In his keynote talk at Collaboration Summit, kernel contributor and LWN Editor Jon Corbet elaborated on the results of the Who Writes Linux report, released today, and gave more insights on where kernel development is headed over the next year, its challenges, and successes. Here are 10 highlights (watch the full video, below):
1. 3.15 was the biggest kernel release ever with 13,722 patches merged. “I imagine we will surpass that again,” Corbet said. “The amount of changes to the kernel is just going up over time.”
2. The number of developers participating is going up over time while the amount of time it takes us to create a kernel is actually dropping over time. It started at 80 days between kernel releases some time ago, and it’s now down to about 63 days. “I don’t know how much shorter we can get,” he said.
3. Developers added seven new system calls to the kernel over the past year, along with new features such as deadline scheduling, control group reworking, multiqueue block layer, and lots of networking improvmenets. That’s in addition to hundreds of new hardware drivers and thousands of bug fixes.
4. Testing is a real challenge for the kernel. Developers are doing better at finding bugs before they affect users or open a security hole. Improved integration testing during the merge window, using the zero day build bot to find problems before they get into the mainline kernel, and new free and proprietary testing tools have improved kernel testing. But there is still room for improvement.
5. Corbet’s own analysis found 115 kernel CVE’s in 2014, or a vulnerability every three days.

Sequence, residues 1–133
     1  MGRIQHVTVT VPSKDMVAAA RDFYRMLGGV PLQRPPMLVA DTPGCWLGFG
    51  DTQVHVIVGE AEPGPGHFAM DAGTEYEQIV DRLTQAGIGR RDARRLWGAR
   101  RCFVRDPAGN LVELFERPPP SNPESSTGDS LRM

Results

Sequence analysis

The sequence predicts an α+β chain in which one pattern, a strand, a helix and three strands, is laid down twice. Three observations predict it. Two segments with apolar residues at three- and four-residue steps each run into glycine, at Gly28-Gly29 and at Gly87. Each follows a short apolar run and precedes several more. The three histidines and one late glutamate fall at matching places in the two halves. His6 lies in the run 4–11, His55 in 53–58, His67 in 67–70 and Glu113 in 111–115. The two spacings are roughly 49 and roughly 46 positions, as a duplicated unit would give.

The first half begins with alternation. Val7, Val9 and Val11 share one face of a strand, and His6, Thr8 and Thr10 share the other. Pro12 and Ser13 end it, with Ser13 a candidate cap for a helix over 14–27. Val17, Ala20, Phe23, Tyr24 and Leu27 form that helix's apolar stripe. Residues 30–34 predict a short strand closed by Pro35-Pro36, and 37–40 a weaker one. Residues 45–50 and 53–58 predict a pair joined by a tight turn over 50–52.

6. The kernel has roughly 19 million lines of code, and over 3 million lines haven’t been touched in 10 years. The problem with old, unmaintained code is that it tends to harbor some really old bugs. “We have millions of systems out there running Linux and milions of people relying on security of a system on which the Linux kernel is the base,” Corbet said. “If we’re not going to let those people down, we need to be more serious about security.”
7. The year 2038 problem – the year the t value runs out of bits in the kernel’s existing time format – needs to be fixed sooner rather than later. The core timekeeping code of the kernel was fixed in 2014 – the other layers of the kernel will take more work.
8. The Linux kernel is getting bigger with each version and currently uses 1 MB of memory. That’s too big to support devices built for the Internet of Things. The kernel tinification effort is re-thinking the traditional Linux kernel, for example getting rid of the concept of users and groups in the kernel, but it faces some resistance. “We can’t just count on the dominance of Linux in this area unless we earn it” by addressing the needs of much smaller systems, Corbet said.
9. Live kernel patching is coming to the mainline kernel this year.
10. The kdbus subsystem development – an addition coming in 2015 that will help make distributed computing more secure – has been a model of how kernel development should work.